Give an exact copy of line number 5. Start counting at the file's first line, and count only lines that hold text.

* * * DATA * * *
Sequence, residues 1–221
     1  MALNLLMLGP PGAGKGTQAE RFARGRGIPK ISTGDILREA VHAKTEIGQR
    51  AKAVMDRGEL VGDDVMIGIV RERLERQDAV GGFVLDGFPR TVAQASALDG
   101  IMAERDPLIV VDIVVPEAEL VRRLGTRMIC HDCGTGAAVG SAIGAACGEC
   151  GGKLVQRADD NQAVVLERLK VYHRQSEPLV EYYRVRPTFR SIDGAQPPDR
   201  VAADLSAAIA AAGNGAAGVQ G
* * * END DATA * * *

   151  GGKLVQRADD NQAVVLERLK VYHRQSEPLV EYYRVRPTFR SIDGAQPPDR